MTPA merged into VESC!

A project log for Axiom: 100+kW Motor Controller

High Power, High Performance 400V 300A 100+kW Motor Controller fully compatible with VESCĀ®

MarcosMarcos 06/18/2020 at 15:240 Comments

Another performance contribution to VESC from powerdesigns!

Now that we earned some deep insights about the inner workings of IPM machines, lets recap what is MTPA about.

MTPA stands for Maximum Torque Per Amp, which means that for a given current flowing into the motor phases it produces the maximum torque possible. We'll find out the benefits doesn't stop there.

Typical FOC implementations will drive flux-producing current (id) to zero and map the user throttle directly to the "torque generating current", (iq). This works great for cheap, non-salient SMPM motors that have a constant inductance throughout a complete revolution, but its not the complete picture.

Motors commonly found in automotive applications (Nissan Leaf, Tesla M3, BMW's, etc) are IPM motors with large reluctance that need a special algorithm to maximize the potential of the machine. Lower power IPM motors are also seen in high reliability and high dynamic range applications because the magnets aren't just glued to a surface and because they have a nice and extended constant power range.

So, will this improve my ebike or skateboard? Well, probably not much, cheap motors have usually very low saliency.

The torque equation

From the torque equation you can draw a few conclusions:

The end result is something like this that shows each torque component. 

Because id,iq are 90° apart from each other, if id=0, the resulting vector angle is 0°, meaning no reluctance torque is produced. When we start adding id the reluctance torque increases, and the total produced torque becomes the sum of both traces.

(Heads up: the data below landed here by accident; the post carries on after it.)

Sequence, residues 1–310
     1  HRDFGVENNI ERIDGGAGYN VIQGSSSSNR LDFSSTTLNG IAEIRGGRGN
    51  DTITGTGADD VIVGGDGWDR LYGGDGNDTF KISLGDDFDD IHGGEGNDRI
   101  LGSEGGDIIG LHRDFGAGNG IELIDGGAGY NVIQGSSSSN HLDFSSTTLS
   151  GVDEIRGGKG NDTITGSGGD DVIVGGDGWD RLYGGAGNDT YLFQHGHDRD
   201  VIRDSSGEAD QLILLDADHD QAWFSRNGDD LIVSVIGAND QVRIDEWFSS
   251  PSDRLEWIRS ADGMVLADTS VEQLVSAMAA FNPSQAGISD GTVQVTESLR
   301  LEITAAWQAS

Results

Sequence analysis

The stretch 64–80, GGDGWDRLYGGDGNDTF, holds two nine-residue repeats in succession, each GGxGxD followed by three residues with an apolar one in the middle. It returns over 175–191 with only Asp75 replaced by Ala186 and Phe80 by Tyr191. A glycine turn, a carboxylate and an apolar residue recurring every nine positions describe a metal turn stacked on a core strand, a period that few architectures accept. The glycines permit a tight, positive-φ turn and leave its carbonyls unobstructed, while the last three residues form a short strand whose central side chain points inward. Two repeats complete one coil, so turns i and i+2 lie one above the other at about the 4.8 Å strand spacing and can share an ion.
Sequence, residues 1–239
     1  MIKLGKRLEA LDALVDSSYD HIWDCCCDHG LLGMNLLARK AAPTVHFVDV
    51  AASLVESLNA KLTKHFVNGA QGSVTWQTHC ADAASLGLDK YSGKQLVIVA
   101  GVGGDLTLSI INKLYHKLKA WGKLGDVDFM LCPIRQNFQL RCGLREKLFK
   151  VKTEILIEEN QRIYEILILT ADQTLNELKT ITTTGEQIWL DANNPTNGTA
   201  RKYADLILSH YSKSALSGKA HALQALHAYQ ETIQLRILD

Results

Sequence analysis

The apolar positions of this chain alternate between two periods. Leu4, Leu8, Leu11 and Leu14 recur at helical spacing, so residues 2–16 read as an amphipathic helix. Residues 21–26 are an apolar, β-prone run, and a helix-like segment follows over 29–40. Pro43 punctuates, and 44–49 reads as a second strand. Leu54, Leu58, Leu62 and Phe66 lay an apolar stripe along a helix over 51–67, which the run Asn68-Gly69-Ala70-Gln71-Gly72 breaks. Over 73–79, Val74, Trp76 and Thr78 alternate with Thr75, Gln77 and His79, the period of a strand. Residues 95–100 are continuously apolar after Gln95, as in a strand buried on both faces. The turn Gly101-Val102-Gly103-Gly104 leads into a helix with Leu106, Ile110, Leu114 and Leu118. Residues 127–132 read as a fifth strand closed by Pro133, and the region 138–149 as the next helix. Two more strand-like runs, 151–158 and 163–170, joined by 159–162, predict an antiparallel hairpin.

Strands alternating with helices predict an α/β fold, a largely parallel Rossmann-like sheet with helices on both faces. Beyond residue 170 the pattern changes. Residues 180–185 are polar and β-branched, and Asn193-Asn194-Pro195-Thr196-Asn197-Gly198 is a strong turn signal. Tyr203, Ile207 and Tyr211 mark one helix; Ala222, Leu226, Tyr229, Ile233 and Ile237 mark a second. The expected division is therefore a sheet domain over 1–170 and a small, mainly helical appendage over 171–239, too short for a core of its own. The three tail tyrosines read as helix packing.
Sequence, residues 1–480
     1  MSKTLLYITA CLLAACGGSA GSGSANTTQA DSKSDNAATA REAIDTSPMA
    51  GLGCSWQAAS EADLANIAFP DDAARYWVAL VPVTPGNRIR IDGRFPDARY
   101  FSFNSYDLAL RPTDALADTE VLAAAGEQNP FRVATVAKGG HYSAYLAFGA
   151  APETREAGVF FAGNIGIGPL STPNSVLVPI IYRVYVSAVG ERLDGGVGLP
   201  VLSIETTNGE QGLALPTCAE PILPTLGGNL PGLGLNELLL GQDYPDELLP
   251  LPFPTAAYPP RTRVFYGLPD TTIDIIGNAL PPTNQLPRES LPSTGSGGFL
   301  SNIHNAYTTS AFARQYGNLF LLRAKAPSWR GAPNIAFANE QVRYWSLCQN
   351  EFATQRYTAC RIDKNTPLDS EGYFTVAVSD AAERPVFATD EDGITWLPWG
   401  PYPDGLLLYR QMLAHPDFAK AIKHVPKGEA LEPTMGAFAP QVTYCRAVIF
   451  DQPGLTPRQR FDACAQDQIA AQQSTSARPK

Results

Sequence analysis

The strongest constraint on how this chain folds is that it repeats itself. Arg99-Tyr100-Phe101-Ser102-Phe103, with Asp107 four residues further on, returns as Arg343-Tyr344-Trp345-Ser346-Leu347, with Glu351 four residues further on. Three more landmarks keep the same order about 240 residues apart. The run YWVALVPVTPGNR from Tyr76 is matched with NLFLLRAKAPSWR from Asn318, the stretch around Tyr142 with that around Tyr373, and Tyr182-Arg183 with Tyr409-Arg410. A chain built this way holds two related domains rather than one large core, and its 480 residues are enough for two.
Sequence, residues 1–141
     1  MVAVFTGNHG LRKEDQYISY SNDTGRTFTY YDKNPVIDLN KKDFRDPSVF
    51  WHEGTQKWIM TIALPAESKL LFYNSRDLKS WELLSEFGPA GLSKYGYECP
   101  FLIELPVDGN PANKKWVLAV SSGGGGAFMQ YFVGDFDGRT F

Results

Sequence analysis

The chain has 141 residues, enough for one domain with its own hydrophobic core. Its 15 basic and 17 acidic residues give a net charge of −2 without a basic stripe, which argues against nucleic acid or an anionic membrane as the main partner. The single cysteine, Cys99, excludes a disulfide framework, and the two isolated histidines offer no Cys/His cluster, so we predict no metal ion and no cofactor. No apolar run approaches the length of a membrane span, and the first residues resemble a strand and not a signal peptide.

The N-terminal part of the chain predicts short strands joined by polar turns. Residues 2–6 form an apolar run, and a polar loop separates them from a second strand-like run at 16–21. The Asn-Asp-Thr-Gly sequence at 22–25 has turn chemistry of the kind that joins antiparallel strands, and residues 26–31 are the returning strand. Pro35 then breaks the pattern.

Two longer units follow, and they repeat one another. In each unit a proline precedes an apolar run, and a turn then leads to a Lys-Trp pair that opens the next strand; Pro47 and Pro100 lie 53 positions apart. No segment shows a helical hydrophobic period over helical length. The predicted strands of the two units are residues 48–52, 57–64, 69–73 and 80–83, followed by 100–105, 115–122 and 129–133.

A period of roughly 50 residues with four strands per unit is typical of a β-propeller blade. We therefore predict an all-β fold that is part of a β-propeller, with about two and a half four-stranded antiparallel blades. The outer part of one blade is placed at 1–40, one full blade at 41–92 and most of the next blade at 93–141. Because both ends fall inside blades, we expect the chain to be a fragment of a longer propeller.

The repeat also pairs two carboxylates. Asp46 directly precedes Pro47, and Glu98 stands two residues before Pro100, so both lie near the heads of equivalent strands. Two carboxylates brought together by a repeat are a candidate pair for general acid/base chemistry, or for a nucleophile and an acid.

The most valuable part

By far the best thing we got out of this is understanding better the motor control theory. We developed math and reproduced equations and tools to produce a d-q axis plot of any IPM machine.

This is for example a customer's IPM motor for a custom-made extreme density motor controller we made for them.

On a quick glance you can see at once:

  1. the ideal MTPA trajectory (red)
  2. how salient the machine is (how tilted the red trajectory is)
  3. the current limit you are operating on (green)
  4. the voltage/speed limit ellipses (blue)
  5. the torque profile of the machine (orange)
  6. and once you understand it you can easily see the exact id,iq currents needed to operate at any allowed speed/current target.

We also found the limitations of conventional Field Weakening algorithms and why they need to be improved if we want a linear throttle response on an IPM motor.

Side benefits!

MTPA is not only about increasing torque. The addition of id current also increases the full load base speed of the machine in the same way Field Weakening does. So you have more torque, more speed, and hence, more power!

In the Nissan Leaf motor, the improvement is huge. You can see the peak power operating point shifting from the right circle to the left towards a smaller (higher speed) ellipse while intersecting a higher torque torque curve.

That's right, this algorithm provides:

Implementing the optimization

You can search in the literature the details of the math to find the optimum id, iq (involves derivatives). In order to find the peak torque it boils down to this equation:

So the firmware will take the current reference is and separate it into the optimized id,iq components.

We added to the GUI the single parameter that controls the MTPA algorithm:

The Ld-Lq parameter can be measured from the vesc command line or by manually searching the peak torque on a dyno.

Besides that there were a couple of errors in both VESC firmware and in Texas Instruments app notes that had to be fixed in order for MTPA to work.

You can see the code details in the pull request to merge the new feature


The pull request comes after long testing sessions. Let's see the algorithm in action:

In this real time plot you care about Q current (red) and D current (blue). A simpler FOC controller would keep D current at zero, but we can see how D current increases to increase the net torque in the MTPA region.

That's a light testing at 400 phase Amps,  but we are regularly testing all our firmware improvements at 800A and have well exceeded the 100kW target even at lower than rated battery voltage.

A typical 800A dyno run looks like this:

And a sneak peak at a dyno run, with the motor under test on the right side:

So that's it, VESC can now make a better use of IPM motors